A Funny Story and A Poem

I realize that my last few posts have not been all that interesting.  So as far as my book is concerned, all I will say is that I finished revising and it ended up being 78,626 words.  Woo-hoo.

Okay, so here’s the story.  Yes, it is a true story.  I hope it’s as funny in writing as it was in person.

Once upon a time, a group of friends and I decided to take a trip down to Schlitterbahn in New Braunfels.  Instead of staying in a hotel, one of the guys’ parents arranged for us to stay at a campsite in these really nice little cabins, complete with refrigerators, air conditioning, and indoor plumbing (and yes, that is my definition of “roughing it”).  We spent two nights in the cabins.  The first night, all of us girls stayed up talking all night, much to the chagrin of my friend, Brittany.  We all got about two hours of sleep that night, but we were so excited to go to Schlitterbahn that we didn’t care.  It ended up being a fantastic day, full of tubing, sliding, and surfing the wave pool, and by the time we returned to the cabins, we were all chlorinated, sunburned, and exhausted.  I was so tired that I didn’t even care that a grasshopper hopped onto my leg while I was out taking pictures of the campsite.

After we were settled in the cabins for the evening, I hopped in the shower.  Now, the bathroom was designed so that the wall that separated it from the main cabin didn’t reach the ceiling.  That meant that you could hear everything that your cabin mates said and/or did while you were in the shower.  It also meant that your cabin mates could throw things like red gummy worms over the top of the wall and into the shower with you.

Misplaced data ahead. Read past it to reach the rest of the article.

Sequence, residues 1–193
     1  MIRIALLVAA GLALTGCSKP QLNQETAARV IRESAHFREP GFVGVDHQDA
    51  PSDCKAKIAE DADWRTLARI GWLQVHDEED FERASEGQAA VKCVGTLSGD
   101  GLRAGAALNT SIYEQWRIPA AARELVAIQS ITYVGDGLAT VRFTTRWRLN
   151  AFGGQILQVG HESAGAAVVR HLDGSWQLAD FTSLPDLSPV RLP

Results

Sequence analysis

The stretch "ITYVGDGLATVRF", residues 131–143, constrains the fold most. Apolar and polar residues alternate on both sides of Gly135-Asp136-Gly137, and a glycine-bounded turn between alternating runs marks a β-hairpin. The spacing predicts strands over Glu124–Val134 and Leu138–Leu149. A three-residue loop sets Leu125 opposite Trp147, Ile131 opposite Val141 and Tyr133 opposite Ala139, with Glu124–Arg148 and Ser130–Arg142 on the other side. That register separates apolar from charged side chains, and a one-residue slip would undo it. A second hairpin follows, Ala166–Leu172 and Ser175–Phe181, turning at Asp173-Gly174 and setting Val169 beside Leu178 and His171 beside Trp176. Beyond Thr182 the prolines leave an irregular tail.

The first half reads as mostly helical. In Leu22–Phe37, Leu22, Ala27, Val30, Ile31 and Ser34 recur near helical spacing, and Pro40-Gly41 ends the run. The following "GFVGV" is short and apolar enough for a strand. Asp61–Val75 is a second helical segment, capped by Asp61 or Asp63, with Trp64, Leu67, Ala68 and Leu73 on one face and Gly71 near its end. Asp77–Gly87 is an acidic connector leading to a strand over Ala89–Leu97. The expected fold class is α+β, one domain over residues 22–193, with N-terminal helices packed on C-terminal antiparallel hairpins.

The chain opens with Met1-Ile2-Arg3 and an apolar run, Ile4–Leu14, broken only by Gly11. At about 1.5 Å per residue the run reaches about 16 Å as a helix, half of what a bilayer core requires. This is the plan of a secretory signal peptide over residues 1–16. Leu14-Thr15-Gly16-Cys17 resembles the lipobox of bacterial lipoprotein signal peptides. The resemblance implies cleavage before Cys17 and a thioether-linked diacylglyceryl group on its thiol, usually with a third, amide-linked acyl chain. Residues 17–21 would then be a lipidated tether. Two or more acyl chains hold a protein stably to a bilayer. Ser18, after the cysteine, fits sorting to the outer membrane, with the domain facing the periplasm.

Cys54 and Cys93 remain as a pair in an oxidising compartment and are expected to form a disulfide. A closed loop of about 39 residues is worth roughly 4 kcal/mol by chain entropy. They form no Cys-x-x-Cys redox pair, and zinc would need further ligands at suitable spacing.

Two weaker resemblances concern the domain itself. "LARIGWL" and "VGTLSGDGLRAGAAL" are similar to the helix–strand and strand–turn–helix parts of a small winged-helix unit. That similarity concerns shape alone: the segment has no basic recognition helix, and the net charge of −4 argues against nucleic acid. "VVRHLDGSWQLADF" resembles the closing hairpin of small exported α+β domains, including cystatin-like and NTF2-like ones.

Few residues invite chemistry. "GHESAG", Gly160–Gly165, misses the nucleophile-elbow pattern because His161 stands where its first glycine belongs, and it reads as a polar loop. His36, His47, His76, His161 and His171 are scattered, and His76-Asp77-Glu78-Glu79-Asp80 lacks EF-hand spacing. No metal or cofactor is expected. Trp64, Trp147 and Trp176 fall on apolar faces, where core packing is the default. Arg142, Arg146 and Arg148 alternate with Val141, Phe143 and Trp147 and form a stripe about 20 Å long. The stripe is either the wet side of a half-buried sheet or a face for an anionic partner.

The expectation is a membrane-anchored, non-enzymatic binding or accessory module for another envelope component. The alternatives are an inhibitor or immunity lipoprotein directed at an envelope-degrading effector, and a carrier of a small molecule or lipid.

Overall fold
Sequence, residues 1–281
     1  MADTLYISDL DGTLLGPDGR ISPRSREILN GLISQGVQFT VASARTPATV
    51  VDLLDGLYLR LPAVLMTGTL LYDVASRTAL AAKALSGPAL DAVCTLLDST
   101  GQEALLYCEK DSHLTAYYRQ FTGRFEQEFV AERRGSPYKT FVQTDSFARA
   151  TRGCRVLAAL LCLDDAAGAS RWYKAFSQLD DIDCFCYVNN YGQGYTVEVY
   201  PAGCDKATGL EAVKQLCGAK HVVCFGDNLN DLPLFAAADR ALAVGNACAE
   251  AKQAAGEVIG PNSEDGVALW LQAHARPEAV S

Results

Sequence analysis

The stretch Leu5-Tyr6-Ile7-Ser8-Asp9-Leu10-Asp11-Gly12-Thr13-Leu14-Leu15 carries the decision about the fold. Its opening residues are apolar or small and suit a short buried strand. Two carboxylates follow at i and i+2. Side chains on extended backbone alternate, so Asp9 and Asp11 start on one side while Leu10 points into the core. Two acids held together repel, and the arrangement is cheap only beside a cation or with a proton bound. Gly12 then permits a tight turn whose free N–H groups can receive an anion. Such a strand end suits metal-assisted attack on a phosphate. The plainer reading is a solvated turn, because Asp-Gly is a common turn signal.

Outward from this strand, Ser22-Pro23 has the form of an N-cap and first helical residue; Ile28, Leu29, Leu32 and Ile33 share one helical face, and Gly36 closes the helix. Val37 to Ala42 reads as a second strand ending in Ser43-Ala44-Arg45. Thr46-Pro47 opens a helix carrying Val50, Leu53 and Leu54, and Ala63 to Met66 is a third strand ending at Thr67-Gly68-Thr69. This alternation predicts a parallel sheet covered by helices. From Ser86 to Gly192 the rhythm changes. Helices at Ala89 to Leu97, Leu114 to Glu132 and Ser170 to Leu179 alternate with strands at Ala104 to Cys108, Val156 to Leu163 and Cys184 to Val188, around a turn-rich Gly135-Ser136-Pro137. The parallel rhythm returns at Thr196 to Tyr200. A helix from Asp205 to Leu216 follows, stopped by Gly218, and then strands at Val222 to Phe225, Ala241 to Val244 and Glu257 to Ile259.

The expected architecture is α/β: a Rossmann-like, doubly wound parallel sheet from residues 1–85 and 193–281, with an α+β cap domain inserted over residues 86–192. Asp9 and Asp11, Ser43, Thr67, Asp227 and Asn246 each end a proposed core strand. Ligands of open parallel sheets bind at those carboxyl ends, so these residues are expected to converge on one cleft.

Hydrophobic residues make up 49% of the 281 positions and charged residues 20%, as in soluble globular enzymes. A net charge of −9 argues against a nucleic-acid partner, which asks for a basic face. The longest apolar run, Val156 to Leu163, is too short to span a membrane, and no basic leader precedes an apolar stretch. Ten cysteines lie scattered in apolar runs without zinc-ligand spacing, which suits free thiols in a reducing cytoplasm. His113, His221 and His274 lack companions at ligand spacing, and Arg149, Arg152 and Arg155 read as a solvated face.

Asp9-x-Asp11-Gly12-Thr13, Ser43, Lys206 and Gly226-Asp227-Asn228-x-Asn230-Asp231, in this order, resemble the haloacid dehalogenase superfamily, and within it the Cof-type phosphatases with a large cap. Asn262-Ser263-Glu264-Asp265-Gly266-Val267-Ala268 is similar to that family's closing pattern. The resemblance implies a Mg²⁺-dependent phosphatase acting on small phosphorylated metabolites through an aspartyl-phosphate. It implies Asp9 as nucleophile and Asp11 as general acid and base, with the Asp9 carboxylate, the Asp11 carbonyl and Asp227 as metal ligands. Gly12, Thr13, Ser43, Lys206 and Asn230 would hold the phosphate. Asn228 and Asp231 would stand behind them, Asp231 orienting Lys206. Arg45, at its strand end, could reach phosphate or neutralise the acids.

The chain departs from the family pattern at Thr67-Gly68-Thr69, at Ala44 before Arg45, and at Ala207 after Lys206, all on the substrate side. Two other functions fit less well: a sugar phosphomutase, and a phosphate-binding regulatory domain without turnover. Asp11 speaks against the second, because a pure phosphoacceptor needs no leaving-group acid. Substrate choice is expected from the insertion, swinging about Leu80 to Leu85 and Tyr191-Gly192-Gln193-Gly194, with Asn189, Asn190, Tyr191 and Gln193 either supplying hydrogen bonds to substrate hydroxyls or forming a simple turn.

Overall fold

I was in the middle of rinsing out my hair when all of a sudden, one of the girls screamed.  It wasn’t an ordinary scream.  It was a scream of pure terror; of someone who had just looked into the deepest circle of hell and seen all of their most vivid and traumatizing nightmares staring back at them.  I knew immediately what that scream meant.

There was a cockroach in the cabin.

I, like every rational human being, am terrified of cockroaches.  I was even more terrified of them then, back before I trained myself how to slaughter them from a distance.  I immediately began formulating an escape strategy.  How was I going to get from the bathroom to the metaphoric safety of my bunk bed if I had to cross a room with a rampaging cockroach on the loose?

Before I could come up with a plan, my friend, Kara, screeched, “OH MY GOD IT’S FLYING!”    That was it.  I had to get out of there.  Some may argue that I was foolish to leave the refuge shower, but keep in mind that the roach had wings, and the wall to the restroom was open.  I would have rather been in the cabin and able to see the beast with my own eyes than to have him surprise me in a dark and enclosed space.  I leapt out of the shower, threw on my pajamas, and bolted for the main cabin, where all of my friends were curled up on their beds.  I scampered up to the top bunk with Kara and Brittany.

“Where is it?” I breathed, feeling like a soldier hiding in a ditch from an enemy that was about to open fire.

“I don’t know.  We lost it,” Brittany explained, sounding tired and slightly irritated.

Knowing that none of us would be able to relax, or get down from the bed for that matter, we called one of the guys we were with to come over and kill it for us.  As he searched through the mess of food that was stacked up against the wall, we watched on, admiring him for his chivalry.  Unfortunately, he couldn’t find it, so after wishing us good luck, he headed back to his own cabin.